Draft of Trump executive order would legalize discrimination because: God
Last week, The Investigative Fund and the website called “The Nation” released a draft of Donald Trump’s executive order entitled “Establishing a Government-Wide Initiative to Respect Religious Freedom.” According to the site, the executive order covers:
“any organization, including closely held for-profit corporations,” and protects “religious freedom” in every walk of life: “when providing social services, education, or healthcare; earning a living, seeking a job, or employing others; receiving government grants or contracts; or otherwise participating in the marketplace, the public square, or interfacing with Federal, State or local governments.”
This executive order would essentially legalize discrimination of people based on sexual orientation, abortion, transgender identity, and for some weird reason, people who have premarital sex. Businesses could refuse service to someone simply due to “moral objections” to being homosexual/bisexual, or for being transgender (just like Jesus would have). I’m not sure how these businesses would know which women had abortions or who among us engage in premarital sex, though. I have to imagine there’d be something like this involved:
Laws like this – allegedly defending “religious freedom” – are anything but intended to protect freedoms of anyone. We can look at history and past behaviors as evidence of this.
I’ve had the great fortune of living in Indiana my entire life (groan), meaning I had the privilege of knowing Mike Pence well before he became vice president. Among other awful things he did to our state (including blatantly disregarding the will of his constituents), in 2015 Pence signed the Religious Freedom Restoration Act into law in Indiana, which permitted businesses to refuse service to anyone because of their gender identity, sexual orientation, and probably also because they talked on the phone while in a bathroom stall (Which is weird. What happens in the privacy of your own home is one thing, but pooping in public is already awkward enough without you talking to your BFF while doing it. Just be like a normal person and text message them while you’re pooping, please).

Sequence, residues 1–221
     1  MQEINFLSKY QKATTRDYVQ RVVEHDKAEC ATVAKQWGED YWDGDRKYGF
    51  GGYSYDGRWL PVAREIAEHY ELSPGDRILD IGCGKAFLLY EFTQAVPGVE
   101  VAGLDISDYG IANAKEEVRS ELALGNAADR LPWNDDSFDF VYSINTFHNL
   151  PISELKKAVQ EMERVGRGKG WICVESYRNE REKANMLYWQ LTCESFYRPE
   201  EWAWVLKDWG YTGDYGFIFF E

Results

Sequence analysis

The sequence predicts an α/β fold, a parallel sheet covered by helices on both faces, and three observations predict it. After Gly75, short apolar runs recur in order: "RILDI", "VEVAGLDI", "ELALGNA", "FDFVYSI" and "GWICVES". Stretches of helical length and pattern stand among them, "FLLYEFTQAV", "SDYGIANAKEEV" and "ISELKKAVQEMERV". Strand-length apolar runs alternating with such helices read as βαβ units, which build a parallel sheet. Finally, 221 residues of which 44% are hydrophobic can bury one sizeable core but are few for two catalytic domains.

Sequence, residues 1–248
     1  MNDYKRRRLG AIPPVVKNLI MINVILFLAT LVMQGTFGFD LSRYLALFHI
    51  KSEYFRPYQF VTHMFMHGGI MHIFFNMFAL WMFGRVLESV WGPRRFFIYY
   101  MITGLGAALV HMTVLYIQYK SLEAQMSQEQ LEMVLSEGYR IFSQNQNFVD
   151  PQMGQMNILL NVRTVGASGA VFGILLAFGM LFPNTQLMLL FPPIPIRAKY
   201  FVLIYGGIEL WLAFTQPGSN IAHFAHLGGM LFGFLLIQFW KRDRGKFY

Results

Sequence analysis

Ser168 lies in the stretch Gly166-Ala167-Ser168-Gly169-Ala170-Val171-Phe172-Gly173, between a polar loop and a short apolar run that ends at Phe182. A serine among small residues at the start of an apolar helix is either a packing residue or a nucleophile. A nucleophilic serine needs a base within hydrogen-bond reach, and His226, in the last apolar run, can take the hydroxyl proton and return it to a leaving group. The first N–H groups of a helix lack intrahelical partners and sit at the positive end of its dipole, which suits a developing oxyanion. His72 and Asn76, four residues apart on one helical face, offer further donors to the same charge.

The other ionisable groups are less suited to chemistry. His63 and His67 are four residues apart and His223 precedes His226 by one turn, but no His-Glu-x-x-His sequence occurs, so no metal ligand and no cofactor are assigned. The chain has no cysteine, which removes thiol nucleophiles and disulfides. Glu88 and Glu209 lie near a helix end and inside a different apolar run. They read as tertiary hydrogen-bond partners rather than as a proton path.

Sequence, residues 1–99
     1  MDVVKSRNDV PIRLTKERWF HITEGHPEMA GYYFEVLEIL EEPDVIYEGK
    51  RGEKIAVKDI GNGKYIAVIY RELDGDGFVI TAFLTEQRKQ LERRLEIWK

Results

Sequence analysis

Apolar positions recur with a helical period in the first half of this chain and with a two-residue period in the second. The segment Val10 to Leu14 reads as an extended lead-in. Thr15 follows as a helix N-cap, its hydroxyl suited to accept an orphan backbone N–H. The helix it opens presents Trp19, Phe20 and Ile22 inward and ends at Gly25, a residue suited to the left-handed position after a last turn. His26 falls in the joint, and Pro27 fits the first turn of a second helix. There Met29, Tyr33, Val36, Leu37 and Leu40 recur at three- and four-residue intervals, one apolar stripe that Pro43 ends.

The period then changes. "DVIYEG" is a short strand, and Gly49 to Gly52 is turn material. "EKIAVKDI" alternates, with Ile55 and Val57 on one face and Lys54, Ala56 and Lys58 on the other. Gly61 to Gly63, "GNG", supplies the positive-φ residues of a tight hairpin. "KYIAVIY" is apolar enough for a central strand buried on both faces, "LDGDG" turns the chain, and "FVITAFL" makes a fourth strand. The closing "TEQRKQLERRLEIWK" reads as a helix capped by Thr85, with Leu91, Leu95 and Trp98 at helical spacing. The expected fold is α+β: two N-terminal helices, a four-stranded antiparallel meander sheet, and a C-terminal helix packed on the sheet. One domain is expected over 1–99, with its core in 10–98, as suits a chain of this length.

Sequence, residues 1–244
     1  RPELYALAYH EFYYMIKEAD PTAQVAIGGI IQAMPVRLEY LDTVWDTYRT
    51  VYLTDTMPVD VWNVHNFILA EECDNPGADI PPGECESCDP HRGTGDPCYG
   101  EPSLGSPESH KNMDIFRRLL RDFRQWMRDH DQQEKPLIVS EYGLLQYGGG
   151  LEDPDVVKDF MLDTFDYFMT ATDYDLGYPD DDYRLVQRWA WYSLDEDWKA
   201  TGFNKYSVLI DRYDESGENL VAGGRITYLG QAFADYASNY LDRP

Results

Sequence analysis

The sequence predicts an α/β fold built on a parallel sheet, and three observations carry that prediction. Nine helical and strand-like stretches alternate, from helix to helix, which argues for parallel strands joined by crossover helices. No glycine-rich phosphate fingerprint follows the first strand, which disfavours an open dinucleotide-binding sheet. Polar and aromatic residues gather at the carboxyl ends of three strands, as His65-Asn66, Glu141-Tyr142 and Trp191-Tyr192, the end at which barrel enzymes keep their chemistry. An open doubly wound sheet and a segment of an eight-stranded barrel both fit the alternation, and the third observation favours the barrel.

The act was subsequently “fixed” fairly quickly, but prior to that sparked a fantastic grassroots movement to normalize equality, but apparently we live in a time in history where we have to normalize people having equal rights.
The First Amendment of the Constitution of the United States already protects expression and practice of religion within the US (emphasis mine):
Congress shall make no law respecting an establishment of religion, or prohibiting the free exercise thereof; or abridging the freedom of speech, or of the press; or the right of the people peaceably to assemble, and to petition the Government for a redress of grievances.
We already have a document that guarantees your freedom to practice your religion, so why do we need another law that goes further?
Some Christians suffer from persecution complex, where they fabricate victimhood for themselves and pretend that they are being attacked. To see this in action, you can go to nearly any meme or article I post on the aSE page on Facebook.